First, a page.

For Swift, there’s one particular choice that fails the test.
‘Private schooling cannot be justified by appeal to these familial relationship goods,’ he says. ‘It’s just not the case that in order for a family to realise these intimate, loving, authoritative, affectionate, love-based relationships you need to be able to send your child to an elite private school.’
Egalitarianism must always lead to authoritarianism. Because people are different and cannot be other than different, an enforcement mechanism must necessarily be in place which restrains and controls these differences. If the restraints did not exist, the differences would persist, and that would lead to unequal opportunities and outcomes. Notice that Swift tacitly admits this when he twice says, “we wanted to allow parents”. Swift obviously puts himself in the authority as one who will allow. That the creation of this authority also creates inequality is always seen as a passing phase, something future progress will obviate.
Swift also tacitly admits that “elite private school[s]” produce better educated children than their opposite, non-elite, non-private, non-schools. Uniformity in education is an egalitarianism demand. (Incidentally, this uniformity is called “diversity.”) “Allowing” parents control over their biological children leads to unequal outcomes. The tension remains.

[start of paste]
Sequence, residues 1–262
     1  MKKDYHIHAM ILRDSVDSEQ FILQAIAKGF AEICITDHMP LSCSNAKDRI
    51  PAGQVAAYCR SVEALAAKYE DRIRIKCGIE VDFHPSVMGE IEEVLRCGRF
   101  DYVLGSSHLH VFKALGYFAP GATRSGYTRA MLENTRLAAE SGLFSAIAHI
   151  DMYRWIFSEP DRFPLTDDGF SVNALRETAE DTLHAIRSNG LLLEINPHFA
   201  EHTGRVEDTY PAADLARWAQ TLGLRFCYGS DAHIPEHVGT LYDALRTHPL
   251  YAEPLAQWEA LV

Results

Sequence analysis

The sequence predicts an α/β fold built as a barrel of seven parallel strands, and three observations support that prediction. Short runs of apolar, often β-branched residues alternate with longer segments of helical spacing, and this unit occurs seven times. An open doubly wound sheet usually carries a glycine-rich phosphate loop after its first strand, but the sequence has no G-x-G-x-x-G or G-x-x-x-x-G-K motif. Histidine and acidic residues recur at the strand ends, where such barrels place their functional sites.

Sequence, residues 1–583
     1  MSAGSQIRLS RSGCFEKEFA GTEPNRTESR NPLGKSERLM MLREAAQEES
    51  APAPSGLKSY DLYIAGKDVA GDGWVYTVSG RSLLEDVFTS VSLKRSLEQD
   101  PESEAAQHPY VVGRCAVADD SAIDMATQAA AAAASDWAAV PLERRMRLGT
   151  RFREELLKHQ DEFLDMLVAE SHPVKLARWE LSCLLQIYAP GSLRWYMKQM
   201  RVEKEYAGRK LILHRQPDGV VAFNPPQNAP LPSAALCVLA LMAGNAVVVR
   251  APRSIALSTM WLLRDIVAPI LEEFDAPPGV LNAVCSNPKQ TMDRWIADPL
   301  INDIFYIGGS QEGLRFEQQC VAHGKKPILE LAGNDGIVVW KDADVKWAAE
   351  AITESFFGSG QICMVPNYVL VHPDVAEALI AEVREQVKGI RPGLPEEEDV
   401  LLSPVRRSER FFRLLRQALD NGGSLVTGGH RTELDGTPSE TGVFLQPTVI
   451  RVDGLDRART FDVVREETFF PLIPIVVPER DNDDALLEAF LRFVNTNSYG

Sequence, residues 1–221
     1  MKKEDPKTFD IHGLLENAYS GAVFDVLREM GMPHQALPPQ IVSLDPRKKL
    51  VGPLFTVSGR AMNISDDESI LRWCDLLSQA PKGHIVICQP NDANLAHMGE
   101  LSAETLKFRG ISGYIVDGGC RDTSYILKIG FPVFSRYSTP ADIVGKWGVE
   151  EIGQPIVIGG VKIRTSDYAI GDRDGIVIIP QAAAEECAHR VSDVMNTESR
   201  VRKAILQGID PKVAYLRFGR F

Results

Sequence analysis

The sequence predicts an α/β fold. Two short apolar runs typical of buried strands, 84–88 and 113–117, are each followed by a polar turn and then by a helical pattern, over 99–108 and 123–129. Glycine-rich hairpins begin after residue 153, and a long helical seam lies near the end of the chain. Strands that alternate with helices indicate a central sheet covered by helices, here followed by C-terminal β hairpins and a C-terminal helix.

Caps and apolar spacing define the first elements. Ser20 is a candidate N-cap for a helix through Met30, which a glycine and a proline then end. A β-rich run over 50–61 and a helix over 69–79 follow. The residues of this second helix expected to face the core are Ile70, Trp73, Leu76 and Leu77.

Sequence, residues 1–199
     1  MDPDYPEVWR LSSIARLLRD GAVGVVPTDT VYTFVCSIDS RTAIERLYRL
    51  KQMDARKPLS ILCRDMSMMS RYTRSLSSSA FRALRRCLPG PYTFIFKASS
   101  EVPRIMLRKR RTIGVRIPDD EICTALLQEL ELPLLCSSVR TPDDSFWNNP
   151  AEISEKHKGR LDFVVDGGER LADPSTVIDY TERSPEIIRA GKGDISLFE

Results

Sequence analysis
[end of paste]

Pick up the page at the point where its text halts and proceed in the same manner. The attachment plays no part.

This tension is bound to result in distress. Perhaps nothing better demonstrates this than when Swift says that he would allow parents to read their children bedtime stories. He says, “The evidence shows that the difference between those who get bedtime stories and those who don’t—the difference in their life chances—is bigger than the difference between those who get elite private schooling and those that don’t”. You just knew bad statistics would come into it some how. Parents who invest more time with their children are more likely to read them stories, yes? And therefore probably care more about their education. No statistics needed.
The tension mounts when Swift says:
I don’t think parents reading their children bedtime stories should constantly have in their minds the way that they are unfairly disadvantaging other people’s children, but I think they should have that thought occasionally.